The bean is so nutritious that a person could be sustained for a considerable period on nothing but water, soy, and salt. The process by which the Chinese, and later the Japanese, fermented beans in earthen pots is today known as lactic acid fermentation, or, in more common jargon, pickling. Optimum lactic fermentation takes place between sixty-four and seventy-one degrees Fahrenheit, which in most of the world is an easily achieved environment. As vegetables begin to rot, the sugars break down and produce lactic acid, which serves as a preservative.

Theoretically, pickling can be accomplished without salt, but the carbohydrates and proteins in the vegetables tend to putrefy too quickly to be saved by the emerging lactic acid.

Without salt, yeast forms, and the fermentation process leads to alcohol rather than pickles. Excluding oxygen, either by sealing the jar or, more usually, by weighting the vegetables so that they remain immersed in liquid, is necessary for successful lactic fermentation. The ancient Chinese pickled in earthen jars, which caused a white film called kahm yeast, harmless but unpleasant tasting, to form on the top.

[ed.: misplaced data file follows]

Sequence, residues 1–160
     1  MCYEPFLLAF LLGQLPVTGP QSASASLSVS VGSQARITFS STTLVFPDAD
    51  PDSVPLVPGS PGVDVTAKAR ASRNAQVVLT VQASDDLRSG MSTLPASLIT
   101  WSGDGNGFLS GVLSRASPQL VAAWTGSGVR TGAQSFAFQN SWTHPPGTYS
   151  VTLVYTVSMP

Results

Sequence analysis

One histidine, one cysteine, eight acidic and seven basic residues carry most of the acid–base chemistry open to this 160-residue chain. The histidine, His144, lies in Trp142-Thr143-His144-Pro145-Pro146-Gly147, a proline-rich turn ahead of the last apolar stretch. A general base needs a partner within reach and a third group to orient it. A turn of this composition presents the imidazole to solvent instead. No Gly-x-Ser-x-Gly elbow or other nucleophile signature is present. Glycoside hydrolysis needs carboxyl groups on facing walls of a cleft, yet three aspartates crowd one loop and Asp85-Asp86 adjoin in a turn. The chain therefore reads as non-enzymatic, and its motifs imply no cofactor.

Every two weeks the cloth, board, and stone weighting the vegetables had to be washed or even boiled to remove the film. This added work is why pickling in earthen jars has not remained popular.

Salt: A World History

In Sichuan, pickled vegetables are still a staple. They are served with rice, which is never salted. The salty vegetables contrast pleasantly with the blandness of the warm but unseasoned rice gruel that is a common breakfast food. In effect, the pickles are salting the rice. Riverhead Books Hardback, Paperback, An anthology with introduction and annotations of the unpublished manuscripts from the last WPA writers project, an exploration of food and eating in America in This broad assortment of raw, unpublished, manuscripts, including works by Nelson Algren, Eudora Welty and Zora Neale Hurston reveal a very different America with a different cuisine and a different society.